Navigation Links
Protection for stressed-out bacteria identified
Date:10/8/2008

An international team of researchers is a step closer to understanding the spread of deadly diseases such as listeriosis, after observing for the first time how bacteria respond to stress.

The research, published in the October issue of the prestigious international journal Science, details how a huge molecule called a stressosome protects bacterial cells from external stress and danger.

Scientists from the University of Newcastle in Australia, and Newcastle University and Imperial College in the United Kingdom, collaborated on the discovery.

Associate Professor Peter Lewis from the Faculty of Science and Information Technology at the University of Newcastle in Australia said until now, researchers had not fully understood how bacteria responded to stress and potential danger.

"It is important to understand the changes that occur when bacteria are under stress as this is the point at which they are likely to become most infectious.

"The protein molecules that make up the stressosome are found in a very wide range of bacteria. Some of these bacteria cause diseases such as listeriosis that has a 30 per cent mortality rate, and melioidosis that has a mortality rate as high as 90 per cent and is a significant health problem in northern Australia and south-east Asia.

"With bacteria becoming increasingly resistant to antibiotics, understanding how the stress response is controlled could lead to the development of drugs that help prevent bacterial infection from occurring."

Lead author of the Science paper, Professor Rick Lewis from Newcastle University in the United Kingdom, said the team used groundbreaking techniques to observe the stressosomes. Electron microscopy techniques were developed by Professor Marin van Heel of Imperial College and Associate Professor Peter Lewis developed the fluorescence microscopy imaging techniques.

"We knew that when bacteria were stressed, a warning signal would be sent from the surface to the inside of the cell. The stressosome would then respond by triggering new proteins in the cell to react to the stress.

"Our latest work has revealed the structure and number of stressosomes per cell. This has helped us understand how quickly the stressosomes respond to external stresses and prepare the cell to adapt to changes in its environment and ensure its survival."


'/>"/>

Contact: Blythe Hamilton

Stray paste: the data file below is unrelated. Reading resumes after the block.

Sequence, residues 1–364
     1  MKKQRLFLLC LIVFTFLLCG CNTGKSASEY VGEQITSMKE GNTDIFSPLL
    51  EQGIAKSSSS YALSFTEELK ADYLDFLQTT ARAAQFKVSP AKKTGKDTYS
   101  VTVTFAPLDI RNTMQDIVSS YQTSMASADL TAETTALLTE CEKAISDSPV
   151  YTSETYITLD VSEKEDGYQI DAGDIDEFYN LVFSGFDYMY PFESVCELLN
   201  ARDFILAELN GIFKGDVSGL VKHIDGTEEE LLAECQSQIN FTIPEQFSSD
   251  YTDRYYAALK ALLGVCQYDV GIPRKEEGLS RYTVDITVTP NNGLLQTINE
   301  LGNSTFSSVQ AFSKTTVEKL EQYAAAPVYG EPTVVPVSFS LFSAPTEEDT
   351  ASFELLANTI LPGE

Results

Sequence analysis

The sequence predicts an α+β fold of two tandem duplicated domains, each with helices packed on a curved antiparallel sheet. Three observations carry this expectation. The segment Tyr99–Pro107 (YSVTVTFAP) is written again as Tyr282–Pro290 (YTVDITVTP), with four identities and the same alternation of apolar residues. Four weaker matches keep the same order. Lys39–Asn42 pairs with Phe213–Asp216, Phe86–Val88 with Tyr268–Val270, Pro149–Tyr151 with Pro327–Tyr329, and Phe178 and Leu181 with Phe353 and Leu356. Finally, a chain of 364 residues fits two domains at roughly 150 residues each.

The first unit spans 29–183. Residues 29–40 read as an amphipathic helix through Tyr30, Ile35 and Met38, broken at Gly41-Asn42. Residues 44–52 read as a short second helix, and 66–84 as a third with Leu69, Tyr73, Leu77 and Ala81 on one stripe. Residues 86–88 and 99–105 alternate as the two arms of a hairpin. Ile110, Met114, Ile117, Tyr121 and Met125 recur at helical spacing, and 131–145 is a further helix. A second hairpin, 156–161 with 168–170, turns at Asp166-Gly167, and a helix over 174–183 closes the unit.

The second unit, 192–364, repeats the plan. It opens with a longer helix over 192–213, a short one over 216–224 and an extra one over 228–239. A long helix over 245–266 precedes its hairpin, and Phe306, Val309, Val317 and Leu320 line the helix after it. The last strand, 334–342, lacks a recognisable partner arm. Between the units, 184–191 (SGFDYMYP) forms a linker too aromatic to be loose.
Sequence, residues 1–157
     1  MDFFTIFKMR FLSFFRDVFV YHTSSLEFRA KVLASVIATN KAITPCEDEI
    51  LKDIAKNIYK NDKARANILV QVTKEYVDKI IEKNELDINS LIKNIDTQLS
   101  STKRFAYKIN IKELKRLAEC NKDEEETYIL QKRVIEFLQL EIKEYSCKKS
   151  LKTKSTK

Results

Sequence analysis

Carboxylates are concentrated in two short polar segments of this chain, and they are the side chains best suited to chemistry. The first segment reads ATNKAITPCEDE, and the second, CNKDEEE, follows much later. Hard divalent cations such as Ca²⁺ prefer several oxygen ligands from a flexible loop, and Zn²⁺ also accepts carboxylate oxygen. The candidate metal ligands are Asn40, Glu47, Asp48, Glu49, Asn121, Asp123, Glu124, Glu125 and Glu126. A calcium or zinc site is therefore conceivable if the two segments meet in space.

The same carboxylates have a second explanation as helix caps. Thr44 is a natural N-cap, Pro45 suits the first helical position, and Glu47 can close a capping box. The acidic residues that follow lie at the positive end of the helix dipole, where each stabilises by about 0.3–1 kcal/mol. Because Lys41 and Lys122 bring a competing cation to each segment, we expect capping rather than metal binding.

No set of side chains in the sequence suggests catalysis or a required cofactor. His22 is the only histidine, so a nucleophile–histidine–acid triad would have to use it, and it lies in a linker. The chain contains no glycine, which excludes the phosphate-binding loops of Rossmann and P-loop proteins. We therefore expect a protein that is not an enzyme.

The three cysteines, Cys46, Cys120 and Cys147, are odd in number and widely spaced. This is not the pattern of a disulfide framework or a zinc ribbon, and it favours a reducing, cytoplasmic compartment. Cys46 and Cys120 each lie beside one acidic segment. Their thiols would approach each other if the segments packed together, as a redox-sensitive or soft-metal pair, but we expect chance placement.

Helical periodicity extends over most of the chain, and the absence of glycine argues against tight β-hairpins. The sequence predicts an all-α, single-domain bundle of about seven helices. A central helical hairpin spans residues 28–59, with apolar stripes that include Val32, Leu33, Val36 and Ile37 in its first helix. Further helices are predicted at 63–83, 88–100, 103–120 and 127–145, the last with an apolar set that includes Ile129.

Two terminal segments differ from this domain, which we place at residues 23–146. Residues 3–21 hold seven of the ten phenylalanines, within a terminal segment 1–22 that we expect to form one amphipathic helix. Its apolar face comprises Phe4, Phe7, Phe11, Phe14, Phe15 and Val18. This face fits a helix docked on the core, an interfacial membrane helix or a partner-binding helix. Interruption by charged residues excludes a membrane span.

Blythe.Hamilton@newcastle.edu.au
61-249-216-856
Research Australia
Source:Eurekalert

Related medicine news :

1. Survey reveals disparities in skin cancer knowledge, protection among high school students
2. Scientists Develop Natural Protection for Stored Foods
3. Despite overeating, morbidly obese mice gain protection against diabetes
4. DuPont Focused on Meeting Global Demands for Greater Safety & Protection
5. Residual fetal cells in women may provide protection against breast cancer
6. Hospital Coalition Says Governors No-Fault Bill Signing Provides a Great Protection for Florida Consumers
7. Mesalamine linked to cancer protection for high risk inflammatory bowel disease patients
8. Long Term Care Newsletter Debuts, Published by LTC Financial Partners; Advice on Living Better, Not Just Longer, With Financial Protection
9. Abbotts Environmental Protection Initiatives Again Recognized by the State of Illinois
10. Safe Sex Passport Launches to Provide Breakthrough Protection Against STDs and HIV
11. URAC Names Medco as a Finalist in First-ever Best Practices in Consumer Empowerment and Protection Awards
Post Your Comments:
*Name:
*Comment:
*Email:
(Date:10/12/2017)... ... October 12, 2017 , ... ... healthcare compliance program management, will showcase a range of technology and learning solutions ... Living (NCAL) Convention and Expo to be held October 14–18, 2017 at the ...
(Date:10/12/2017)... ... October 12, 2017 , ... The ... demand of today’s consumer and regulatory authorities worldwide. From Children’s to Adults 50+, ... to meet the highest standard. , These products are also: Gluten Free, ...
(Date:10/12/2017)... ... ... Asante, a nationally recognized health system in southern Oregon, ... health joint venture through an agreement, effective October 1, 2017, to create AccentCare ... company with Asante, delivering clinically integrated care, for the past eight years. This ...
(Date:10/12/2017)... ... October 12, 2017 , ... HMP , a leader in ... 2017 Folio Magazine Eddie Digital Award for ‘Best B-to-B Healthcare Website.’ Winners were announced ... 2017. , The annual award competition recognizes editorial and design excellence across a range ...
(Date:10/12/2017)... ... October 12, 2017 , ... ... of Michigan’s 2017 Best and Brightest in Wellness® by Best and Brightest. OnSite ... program on Friday, Oct. 20 from 7:30 a.m. to 2 p.m. at the ...
Breaking Medicine News(10 mins):
(Date:9/28/2017)... 28, 2017 Hill-Rom Holdings, Inc. (NYSE: HRC), ... call and webcast on Friday, November 3, 2017, beginning ... ending at approximately 8:30 a.m. (CDT) / 9:30 a.m. ... 2017 financial performance and guidance for 2018, Hill-Rom executives ... enhance operational performance, and long-range financial outlook through 2020. ...
(Date:9/25/2017)...   Montrium , an industry leader in ... IQPC Trial Master Files & Inspection Readiness Conference ... Clinical Services has selected eTMF Connect ... EastHORN, a leading European contract research organization (CRO), ... to enable greater collaboration with sponsors, improve compliance ...
(Date:9/22/2017)... 2017 AVACEN Medical (AVACEN) announced that its ... helping those with the widespread pain associated with fibromyalgia ... in Essex, England commented, "I ... experiencing no sleep at all, tremendous pain, with every ... recommend [the AVACEN 100] enough, how this has and ...
Breaking Medicine Technology: